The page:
In The Know: Cherokees call on Congress to seat delegate from tribe, State drops to 41st in highway report, Tulsa County lawmaker looks to address “daycare desert” and childcare shortage

In The KnowIn The Know is your daily briefing on Oklahoma policy-related news. Inclusion of a story does not necessarily mean endorsement by the Oklahoma Policy Institute. Click here to subscribe to In The Know and see past editions.

In The News

Citing treaties, Cherokees call on Congress to seat delegate from tribe: Citing two treaties, officials with the Cherokee Nation formally called on Congress on Thursday to seat a nonvoting delegate from the country’s largest tribe. Standing outside the tribe’s National History Museum, Principal Chief Chuck Hoskin Jr. formally announced his nomination of Kimberly Teehee as the Cherokee Nation’s first delegate to the U.S. House of Representatives. [Tulsa World] Cherokee chief says journey to seat US delegate will be long. [AP News]

State drops to 41st in highway report: Oklahoma’s highway system ranks 41st in the nation in overall cost-effectiveness and condition, according to the Annual Highway Report published Thursday by Reason Foundation. The state’s ranking was down eight spots from the previous report where Oklahoma ranked 33rd overall. The state now ranks far behind Texas, Kansas, Missouri and other neighbors, according to Reason Foundation. [Journal Record]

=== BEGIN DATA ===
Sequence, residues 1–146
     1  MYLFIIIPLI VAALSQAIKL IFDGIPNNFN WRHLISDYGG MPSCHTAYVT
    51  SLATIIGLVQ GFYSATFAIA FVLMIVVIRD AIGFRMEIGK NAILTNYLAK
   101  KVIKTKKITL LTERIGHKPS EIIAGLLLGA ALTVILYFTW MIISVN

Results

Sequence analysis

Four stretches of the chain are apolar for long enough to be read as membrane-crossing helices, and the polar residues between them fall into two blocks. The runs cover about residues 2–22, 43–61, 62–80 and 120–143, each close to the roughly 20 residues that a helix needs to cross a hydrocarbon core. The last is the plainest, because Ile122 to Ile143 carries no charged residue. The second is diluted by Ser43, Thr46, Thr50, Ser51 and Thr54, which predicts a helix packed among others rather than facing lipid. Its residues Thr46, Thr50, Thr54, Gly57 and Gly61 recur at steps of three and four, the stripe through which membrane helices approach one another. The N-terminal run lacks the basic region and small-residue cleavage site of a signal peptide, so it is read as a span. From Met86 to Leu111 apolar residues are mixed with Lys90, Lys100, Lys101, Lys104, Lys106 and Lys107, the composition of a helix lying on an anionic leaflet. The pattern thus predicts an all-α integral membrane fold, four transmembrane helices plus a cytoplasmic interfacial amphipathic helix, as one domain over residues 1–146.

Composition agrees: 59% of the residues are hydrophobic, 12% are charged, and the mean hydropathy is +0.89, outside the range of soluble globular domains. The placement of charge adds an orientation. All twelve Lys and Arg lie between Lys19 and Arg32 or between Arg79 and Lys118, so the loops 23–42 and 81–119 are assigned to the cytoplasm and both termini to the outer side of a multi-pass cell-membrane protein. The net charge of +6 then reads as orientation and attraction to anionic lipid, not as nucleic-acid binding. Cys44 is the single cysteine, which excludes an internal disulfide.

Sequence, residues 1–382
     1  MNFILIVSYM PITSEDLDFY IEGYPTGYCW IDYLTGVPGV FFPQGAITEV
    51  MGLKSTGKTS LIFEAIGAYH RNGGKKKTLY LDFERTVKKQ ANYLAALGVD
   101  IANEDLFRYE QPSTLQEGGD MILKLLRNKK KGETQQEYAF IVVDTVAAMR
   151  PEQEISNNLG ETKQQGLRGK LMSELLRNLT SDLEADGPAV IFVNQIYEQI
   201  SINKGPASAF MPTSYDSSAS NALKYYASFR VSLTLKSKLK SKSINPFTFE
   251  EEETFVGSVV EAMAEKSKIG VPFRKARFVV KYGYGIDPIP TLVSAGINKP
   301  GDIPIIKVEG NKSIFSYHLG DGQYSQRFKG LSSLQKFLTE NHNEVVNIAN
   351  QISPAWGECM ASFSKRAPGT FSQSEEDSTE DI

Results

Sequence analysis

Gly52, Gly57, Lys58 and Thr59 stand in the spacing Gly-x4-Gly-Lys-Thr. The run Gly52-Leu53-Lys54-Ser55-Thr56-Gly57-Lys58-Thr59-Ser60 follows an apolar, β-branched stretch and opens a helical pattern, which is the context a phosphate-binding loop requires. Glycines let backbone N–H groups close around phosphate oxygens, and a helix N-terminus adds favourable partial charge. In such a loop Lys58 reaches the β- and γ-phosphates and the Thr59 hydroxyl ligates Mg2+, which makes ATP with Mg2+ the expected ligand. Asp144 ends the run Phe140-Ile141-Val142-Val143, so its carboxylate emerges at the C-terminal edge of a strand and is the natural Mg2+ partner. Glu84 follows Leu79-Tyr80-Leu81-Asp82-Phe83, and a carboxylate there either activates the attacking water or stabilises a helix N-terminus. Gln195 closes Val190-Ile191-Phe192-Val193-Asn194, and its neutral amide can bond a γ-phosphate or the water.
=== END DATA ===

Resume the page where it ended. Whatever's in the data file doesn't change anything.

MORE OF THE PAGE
Tulsa County lawmaker looks to address “daycare desert” and childcare shortage: A childcare desert is an area where there are three times as many children as there are daycare slots. One Tulsa County senator tells us it’s a growing problem across her district. [KJRHRecently, new federal grant funding has made it possible to increase Oklahoma’s child care subsidy.

BNSF works to derail new traffic-train law: A rail operator is seeking to derail an Oklahoma law that requires railroads operating in the state to minimize blocking road-rail crossings for longer than 10 minutes without good reason.  [The Oklahoman]

Officials seek to further enforce fines for stopped school bus violations in Oklahoma: Oklahoma Statute Title 47 requires that vehicles come to a stop when a school bus has its red loading signals on and stop sign extended. Those who violate the law face a fine of no less than $100. [The Oklahoman]

Oklahoma AG to agree to stipulation: Police won’t have access to patients’ information on medical marijuana licenses while lawsuit is pending: Police won’t have access to patients’ information on medical cannabis licenses, despite a new law that could allow for that access, while a lawsuit is pending, the Oklahoma Attorney General’s Office has confirmed. [Tulsa World]